We’ve been trying to place our stethoscopes over what the heart of the medical insurance conundrum really is in the state of Florida – hemming and hawing over why it is that the state would refuse $51 billion in federal money for a Medicaid expansion (the federal government has never defaulted on its majority share of the Medicaid burden before, so this new anti-federalism is suspect); staring into space for whatever lobby it is that is more powerful than the hospitals that supported the acceptance of the federal money; flicking lighters under Gov. Rick Scott’s ass to try and force him to budge and call a special session to reconsider the matter – and then the kaleidoscopic nightmare just got worse.
Last week, just as the federal government released shocking numbers showing immense disparities between the amount individual Medicare-funded hospitals charged for the same procedures, the U.S. Department of Justice filed a lawsuit against the nation’s largest hospice provider in the country, Vitas Hospice Services (and Vitas Healthcare Corp.), for Medicare fraud. What’s more, Vitas was co-founded by current Florida Senate President Don Gaetz, R-Niceville – who is worth more than $25 million – though Gaetz sold his interest in the company back in 2004. Still, the suit alleges more than 11 years of misdeeds, leaving a healthy two-year window for Gaetz to bank off the indigent and dying. Or, at least the imaginary indigent and dying.
According to the suit, Vitas (which operates in 18 states including Florida) “misspent tens of millions” in taxpayer funds by overbilling Medicare, sometimes for services people weren’t even entitled to. The specifics are pretty egregious: Vitas encouraged a quota system for crisis care billings that ended up with company’s charges being six times the national average; nurses would be sent to provide crisis care to patients who didn’t need it (they were playing bingo or getting their hair done, of course), yet still Vitas would bill Medicare for the service, even when it wasn’t provided.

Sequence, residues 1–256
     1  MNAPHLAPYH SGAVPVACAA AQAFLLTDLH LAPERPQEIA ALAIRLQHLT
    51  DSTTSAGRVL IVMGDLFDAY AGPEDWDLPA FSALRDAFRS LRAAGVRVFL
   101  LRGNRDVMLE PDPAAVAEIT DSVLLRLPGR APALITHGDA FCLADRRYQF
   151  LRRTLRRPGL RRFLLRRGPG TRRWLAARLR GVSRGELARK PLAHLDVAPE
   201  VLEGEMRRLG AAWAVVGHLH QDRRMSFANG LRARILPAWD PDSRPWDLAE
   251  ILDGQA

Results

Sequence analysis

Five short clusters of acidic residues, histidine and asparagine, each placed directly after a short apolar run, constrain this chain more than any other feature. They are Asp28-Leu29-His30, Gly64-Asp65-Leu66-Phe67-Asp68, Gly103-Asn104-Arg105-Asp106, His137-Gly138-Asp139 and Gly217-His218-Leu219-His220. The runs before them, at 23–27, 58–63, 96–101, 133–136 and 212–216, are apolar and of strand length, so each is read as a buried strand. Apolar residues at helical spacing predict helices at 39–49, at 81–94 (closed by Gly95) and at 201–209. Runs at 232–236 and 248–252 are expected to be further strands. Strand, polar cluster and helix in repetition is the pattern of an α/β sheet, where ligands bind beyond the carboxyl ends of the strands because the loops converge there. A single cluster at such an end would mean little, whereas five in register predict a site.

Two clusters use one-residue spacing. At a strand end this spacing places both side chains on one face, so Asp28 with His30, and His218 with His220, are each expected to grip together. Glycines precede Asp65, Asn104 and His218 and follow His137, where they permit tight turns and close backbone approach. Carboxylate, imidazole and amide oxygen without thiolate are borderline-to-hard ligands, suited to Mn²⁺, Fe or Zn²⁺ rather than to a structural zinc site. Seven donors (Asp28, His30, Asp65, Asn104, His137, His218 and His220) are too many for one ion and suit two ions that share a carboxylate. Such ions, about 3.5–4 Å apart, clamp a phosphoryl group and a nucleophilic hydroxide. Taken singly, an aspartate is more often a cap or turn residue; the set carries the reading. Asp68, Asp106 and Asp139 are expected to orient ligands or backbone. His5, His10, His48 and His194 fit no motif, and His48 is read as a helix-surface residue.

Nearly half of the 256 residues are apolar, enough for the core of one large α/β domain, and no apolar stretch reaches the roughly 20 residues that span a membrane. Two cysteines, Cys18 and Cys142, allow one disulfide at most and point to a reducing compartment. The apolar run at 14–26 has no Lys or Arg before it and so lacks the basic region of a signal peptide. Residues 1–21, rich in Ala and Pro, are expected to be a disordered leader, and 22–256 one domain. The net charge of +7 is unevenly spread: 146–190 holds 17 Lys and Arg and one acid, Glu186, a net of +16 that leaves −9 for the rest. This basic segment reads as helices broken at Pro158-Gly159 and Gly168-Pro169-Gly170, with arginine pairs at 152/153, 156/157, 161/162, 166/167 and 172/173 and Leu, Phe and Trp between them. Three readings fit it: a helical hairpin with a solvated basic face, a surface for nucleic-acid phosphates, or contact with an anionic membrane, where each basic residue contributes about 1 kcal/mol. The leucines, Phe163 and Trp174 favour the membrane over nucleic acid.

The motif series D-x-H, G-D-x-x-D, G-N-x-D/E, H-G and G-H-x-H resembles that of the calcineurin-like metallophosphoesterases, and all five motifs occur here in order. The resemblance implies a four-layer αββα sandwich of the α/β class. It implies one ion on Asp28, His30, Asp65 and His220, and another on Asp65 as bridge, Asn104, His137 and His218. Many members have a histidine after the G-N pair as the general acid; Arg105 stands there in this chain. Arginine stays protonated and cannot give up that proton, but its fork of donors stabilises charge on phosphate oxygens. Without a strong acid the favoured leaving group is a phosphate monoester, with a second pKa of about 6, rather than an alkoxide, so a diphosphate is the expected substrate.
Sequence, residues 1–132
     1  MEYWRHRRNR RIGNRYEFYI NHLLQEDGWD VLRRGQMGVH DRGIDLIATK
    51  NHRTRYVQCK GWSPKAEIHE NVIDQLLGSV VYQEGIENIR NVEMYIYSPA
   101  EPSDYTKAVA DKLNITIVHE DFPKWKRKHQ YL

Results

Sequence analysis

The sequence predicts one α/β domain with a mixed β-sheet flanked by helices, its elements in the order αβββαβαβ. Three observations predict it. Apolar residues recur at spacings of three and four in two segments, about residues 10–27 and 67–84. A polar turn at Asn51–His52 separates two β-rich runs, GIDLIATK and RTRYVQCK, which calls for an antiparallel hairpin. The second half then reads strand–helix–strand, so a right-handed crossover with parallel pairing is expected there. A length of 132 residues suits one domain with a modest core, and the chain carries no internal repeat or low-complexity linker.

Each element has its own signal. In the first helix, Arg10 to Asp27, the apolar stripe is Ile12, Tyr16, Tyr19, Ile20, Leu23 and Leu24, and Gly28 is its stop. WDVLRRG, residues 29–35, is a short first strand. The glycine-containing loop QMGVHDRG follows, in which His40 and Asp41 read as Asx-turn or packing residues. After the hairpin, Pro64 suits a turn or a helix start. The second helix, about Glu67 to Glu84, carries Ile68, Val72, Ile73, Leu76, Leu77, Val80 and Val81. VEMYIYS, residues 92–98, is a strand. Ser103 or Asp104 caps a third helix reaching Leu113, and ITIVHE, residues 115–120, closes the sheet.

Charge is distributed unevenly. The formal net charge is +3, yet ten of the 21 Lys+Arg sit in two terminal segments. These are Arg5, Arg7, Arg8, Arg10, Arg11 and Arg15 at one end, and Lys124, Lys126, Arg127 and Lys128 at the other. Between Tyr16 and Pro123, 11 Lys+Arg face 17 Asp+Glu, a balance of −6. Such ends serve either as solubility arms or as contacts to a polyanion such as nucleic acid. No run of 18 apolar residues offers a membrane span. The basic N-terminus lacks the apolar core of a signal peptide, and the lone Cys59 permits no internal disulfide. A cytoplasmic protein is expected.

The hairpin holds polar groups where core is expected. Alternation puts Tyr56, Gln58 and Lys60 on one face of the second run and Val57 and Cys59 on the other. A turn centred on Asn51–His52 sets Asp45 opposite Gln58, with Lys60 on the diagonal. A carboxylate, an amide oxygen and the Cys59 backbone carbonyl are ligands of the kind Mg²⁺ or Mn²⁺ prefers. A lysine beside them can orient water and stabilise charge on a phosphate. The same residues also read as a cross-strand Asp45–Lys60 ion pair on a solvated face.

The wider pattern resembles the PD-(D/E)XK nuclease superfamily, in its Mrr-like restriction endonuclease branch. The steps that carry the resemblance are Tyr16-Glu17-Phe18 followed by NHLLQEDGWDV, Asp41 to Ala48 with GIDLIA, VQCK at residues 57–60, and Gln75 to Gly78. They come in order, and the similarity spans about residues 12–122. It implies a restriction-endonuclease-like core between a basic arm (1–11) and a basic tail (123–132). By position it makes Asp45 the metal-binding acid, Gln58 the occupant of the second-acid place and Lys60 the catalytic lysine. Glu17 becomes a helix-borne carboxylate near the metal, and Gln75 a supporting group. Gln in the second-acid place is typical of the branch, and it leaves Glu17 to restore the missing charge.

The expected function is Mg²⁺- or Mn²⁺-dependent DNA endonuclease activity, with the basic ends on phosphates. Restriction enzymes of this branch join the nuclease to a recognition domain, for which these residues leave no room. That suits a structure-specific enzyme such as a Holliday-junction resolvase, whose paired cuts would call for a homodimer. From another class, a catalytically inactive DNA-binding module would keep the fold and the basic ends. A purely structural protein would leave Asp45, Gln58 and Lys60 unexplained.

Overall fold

Gaetz backpedaled when confronted by the Associated Press with the allegations, saying his interest in the company was long gone, his hands absolutely clean. But then, creepily, he added that it was “heartbreaking” that the company would have “to deal with a complaint like this.” Charming! Not necessarily as heartbreaking as it is expected, though. You may recall that Gov. Scott got into similar hot water when he ran Columbia/HCA, paid a record-breaking $1.7 billion fine, and still bought his way into the governor’s office.
The health care problem we’ve been looking for is apparently right before us – getting rich off of us – in Tallahassee. Sick.